What scares you?

Image courtesy Free Music Archive

By Scott Bury

It’s only two days till Hallowe’en, possibly my favourite celebration of the year. Fantasy writers, I think, probably share my enthusiasm. And that leads to writing about spooky and scary subjects. Which in turn raises the question: what is scary?

The writer’s job is to evoke a deep, emotional response in the audience, and fear is a powerful one. The challenge for the horror writer is to somehow make the reader feel that deep general fear over a specific scary thing.

Back in about 1980, the King of horror stories — even though he doesn’t write horror anymore — Stephen, wrote about “ten bears”: things that scared him. King always included at least one, if not several bears in his early horror novels.

His ten bears were:

  • the dark
  • squishy things
  • deformity
  • snakes
  • rats
  • closed-in spaces
  • insects
  • death
  • fear of others
  • fear for someone else.

Not everyone is afraid of the same things. I once read that there are only two universal fears: fear of sudden, loud noises, and fear of getting eaten. However, some fears are pretty common: extreme heights, lightning, public speaking, for instance. Some are rare: clowns, pillows, puppies.

Which means that, sometimes, things that scare the writer don’t have much of an impact on a reader. While I think I have a healthy caution about poisonous vipers and large constrictors, I have no deep-seated fear of serpents. Soldiers, obviously, don’t have a great fear of death.

I asked around: what scares people. Some of the responses:

  • “spiders”
  • “snakes”
  • “the bar running out of beer”
  • “being powerless”
  • “the unknown”
  • “being trapped.”

I asked for some details on the specific items: spiders and snakes. The upshot is that they tend to move fast and silently, and they could even crawl onto you.

I think there’s one common element. Besides being eaten and sudden loud noises, the universal fear is not the unknown, not chaos, but lack of control or power over yourself. The bear in The Shining was insanity — the hero, Jack, lost control of his own faculties to a real or imagined force within the hotel. In Misery, the hero was literally helpless and dependent on his captor.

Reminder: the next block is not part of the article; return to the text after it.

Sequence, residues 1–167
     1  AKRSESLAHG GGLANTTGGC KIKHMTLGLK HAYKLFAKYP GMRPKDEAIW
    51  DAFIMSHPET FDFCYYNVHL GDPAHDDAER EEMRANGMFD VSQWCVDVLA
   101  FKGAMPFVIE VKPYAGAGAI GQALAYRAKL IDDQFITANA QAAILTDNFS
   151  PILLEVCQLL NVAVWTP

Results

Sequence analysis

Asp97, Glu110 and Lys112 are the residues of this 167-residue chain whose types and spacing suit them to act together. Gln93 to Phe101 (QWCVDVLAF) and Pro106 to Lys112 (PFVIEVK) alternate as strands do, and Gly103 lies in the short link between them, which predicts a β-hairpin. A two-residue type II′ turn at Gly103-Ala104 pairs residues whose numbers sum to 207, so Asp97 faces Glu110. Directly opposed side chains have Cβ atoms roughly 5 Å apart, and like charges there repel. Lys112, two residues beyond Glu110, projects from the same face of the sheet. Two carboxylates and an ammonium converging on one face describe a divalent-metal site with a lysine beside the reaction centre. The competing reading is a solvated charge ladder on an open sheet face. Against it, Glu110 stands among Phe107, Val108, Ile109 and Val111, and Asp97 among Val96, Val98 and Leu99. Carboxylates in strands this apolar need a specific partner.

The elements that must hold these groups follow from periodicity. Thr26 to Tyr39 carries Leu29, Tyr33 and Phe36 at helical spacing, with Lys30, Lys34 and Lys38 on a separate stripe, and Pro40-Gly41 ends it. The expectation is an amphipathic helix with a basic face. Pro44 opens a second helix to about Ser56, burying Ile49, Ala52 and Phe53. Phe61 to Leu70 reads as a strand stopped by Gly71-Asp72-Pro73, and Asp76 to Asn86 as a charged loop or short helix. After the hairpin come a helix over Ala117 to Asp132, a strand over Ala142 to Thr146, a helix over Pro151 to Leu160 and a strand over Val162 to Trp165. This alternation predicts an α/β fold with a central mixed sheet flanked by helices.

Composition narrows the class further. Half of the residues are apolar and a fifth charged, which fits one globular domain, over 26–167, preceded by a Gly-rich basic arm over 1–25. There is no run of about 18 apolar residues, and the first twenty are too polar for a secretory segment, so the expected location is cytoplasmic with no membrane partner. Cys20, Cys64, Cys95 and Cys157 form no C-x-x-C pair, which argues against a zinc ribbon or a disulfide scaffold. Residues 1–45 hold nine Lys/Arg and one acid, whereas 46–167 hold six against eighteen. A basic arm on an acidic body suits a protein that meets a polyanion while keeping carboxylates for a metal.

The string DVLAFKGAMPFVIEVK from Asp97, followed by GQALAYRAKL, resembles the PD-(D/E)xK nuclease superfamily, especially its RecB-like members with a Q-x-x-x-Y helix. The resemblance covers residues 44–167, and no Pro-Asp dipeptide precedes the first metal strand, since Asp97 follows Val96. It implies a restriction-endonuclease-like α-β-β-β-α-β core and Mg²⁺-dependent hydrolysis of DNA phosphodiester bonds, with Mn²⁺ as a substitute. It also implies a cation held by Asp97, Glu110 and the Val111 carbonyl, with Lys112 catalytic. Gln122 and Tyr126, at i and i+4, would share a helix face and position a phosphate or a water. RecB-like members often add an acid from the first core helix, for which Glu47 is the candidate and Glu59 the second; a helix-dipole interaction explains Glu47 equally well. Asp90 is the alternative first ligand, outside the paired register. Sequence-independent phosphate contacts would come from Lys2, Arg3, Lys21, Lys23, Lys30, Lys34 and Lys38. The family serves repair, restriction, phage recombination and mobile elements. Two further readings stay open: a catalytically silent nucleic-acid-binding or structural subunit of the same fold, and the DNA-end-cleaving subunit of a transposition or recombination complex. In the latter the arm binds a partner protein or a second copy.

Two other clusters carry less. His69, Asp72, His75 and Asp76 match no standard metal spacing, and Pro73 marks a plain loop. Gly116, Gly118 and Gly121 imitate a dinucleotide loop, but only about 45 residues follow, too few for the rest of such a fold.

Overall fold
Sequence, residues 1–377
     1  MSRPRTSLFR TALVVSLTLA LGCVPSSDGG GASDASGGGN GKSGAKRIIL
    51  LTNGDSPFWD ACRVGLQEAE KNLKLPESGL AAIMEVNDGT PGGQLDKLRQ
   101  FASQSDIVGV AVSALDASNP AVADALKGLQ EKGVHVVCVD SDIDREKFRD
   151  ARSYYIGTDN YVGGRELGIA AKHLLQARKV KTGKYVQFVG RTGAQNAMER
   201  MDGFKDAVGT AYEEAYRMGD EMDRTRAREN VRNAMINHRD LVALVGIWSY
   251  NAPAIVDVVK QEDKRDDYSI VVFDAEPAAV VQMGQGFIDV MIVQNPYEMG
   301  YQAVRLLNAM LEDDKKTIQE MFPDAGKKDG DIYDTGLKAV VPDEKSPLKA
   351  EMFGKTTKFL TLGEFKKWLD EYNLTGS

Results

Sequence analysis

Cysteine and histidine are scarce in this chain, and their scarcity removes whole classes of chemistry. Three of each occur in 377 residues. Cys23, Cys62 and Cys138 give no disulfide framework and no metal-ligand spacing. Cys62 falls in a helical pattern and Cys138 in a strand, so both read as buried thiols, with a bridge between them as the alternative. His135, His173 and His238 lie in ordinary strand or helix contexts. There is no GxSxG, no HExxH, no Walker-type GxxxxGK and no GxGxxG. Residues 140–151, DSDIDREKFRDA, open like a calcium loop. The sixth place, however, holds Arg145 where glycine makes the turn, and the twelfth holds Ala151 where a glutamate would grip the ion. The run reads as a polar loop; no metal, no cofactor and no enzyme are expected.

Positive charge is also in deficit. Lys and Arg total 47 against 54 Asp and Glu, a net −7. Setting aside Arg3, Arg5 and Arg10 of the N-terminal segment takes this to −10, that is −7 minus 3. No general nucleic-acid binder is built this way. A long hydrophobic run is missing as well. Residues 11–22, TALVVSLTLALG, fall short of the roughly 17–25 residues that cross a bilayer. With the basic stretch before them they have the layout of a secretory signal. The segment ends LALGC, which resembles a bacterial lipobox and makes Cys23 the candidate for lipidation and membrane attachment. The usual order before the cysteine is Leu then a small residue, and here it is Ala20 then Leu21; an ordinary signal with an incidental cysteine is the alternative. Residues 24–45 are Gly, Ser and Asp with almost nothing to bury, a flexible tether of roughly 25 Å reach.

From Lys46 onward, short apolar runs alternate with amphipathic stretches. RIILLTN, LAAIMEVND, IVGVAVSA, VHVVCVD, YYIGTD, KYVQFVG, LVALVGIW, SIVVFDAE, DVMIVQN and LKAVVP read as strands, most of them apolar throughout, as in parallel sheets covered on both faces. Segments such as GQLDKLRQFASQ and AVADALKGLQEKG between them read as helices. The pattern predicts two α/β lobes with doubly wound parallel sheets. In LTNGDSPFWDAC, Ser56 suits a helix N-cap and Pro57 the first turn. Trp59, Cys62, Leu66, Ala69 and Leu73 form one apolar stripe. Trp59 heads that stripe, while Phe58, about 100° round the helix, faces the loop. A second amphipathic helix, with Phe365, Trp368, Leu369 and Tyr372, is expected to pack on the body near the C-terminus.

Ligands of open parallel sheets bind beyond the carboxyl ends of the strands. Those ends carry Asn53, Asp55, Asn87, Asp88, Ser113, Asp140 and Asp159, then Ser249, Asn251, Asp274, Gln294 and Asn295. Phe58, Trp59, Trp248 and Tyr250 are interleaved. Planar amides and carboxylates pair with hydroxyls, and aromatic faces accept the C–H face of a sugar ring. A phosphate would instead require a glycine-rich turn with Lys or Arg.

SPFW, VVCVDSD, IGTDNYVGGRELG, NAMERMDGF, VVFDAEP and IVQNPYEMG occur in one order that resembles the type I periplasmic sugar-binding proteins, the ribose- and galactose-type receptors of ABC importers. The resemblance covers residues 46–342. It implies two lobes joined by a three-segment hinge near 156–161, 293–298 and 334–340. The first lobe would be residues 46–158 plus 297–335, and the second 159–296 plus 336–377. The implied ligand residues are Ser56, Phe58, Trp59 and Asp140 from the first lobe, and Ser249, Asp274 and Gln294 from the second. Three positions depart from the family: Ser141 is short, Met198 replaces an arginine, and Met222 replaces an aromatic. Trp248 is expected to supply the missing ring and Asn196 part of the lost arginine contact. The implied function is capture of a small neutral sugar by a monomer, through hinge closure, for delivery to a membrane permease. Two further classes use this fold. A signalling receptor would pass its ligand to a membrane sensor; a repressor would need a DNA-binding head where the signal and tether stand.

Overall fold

Who hasn’t had that nightmare where something terrible is about to happen, but you cannot move?

Fear of the unknown, of the dark around the corner, is a fear of not being able to defend yourself against what might come out of it at any time. Squishy things are scary because you cannot predict, or therefore control, where the squishy stuff will go if you press on it.

So, what scares you? What element can you work into your next scary story, and how will you evoke your audience’s fear of it?


4 comments on “What scares you?

  1. I’ve always feared the loss of control. It can come in many different forms; mentally, physically, spiritually, etc., and has the potential to completely devastate a person. It’s the catalyst of emotions you may not experience often, or may not even know you had. It’s the fuel for your imagination, feeding the darkness of your unconscious and giving life to your deepest fears.

    With my vampire hunter books, I explore how the loss of spirituality changes the entire playing field for the protagonist. No longer able to control his feelings, the source of his strength wavers…and because of it, he finds himself no longer able to do the one thing he was made to do.

    In one of my webseries, the protagonist finds himself losing control of both his spirituality and his mentality due to outside influence. At first, he is just an angry character, but he soon finds himself helpless to fight the urges being forced upon him.

    I think that most people can identify with this. In some way or another, we are all afraid of not being in control of something. Whether it’s our lives, our futures, ourselves…it’s there in all of us. It’s this fear that I hope to play on, to share with my readers and to instill terror for what cannot be helped.

  2. Spiders used to scare me, but I’ve made peace with them. Since I’ve had young children, disease leading to death scares me because I want to be here for them until they’re adults. One of my son’s friends in grade nine lost his mother last month. She was diagnosed and died eight days later. What do you do in eight days for a boy who is only 14. That terrifies me.

    Living in Nova Scotia and working a small farm makes me worried (at times scared) of coyotes. I didn’t have this fear as a child because the coyotes were small. Now that they’re as big as a German sheppards, I’m always on the lookout for them from dusk to dawn. When I hear them howling over the hill, it’s time to lock up and get inside quickly.

    Vampires and werewolves never frightened me, bears, well, I feel much safer when they’re behind a fence and I’m several feet away from it. I think all animals have the ability to scare people to some degree. It all depends on how it behaves.

    In my fantasy novels I often use the fear of a loved one being killed to motivate a character. This makes them act swiftly (sometime not wisely) and creates a lot of emotion.

  3. Pingback: …A Book By Its Cover | Guild Of Dreams

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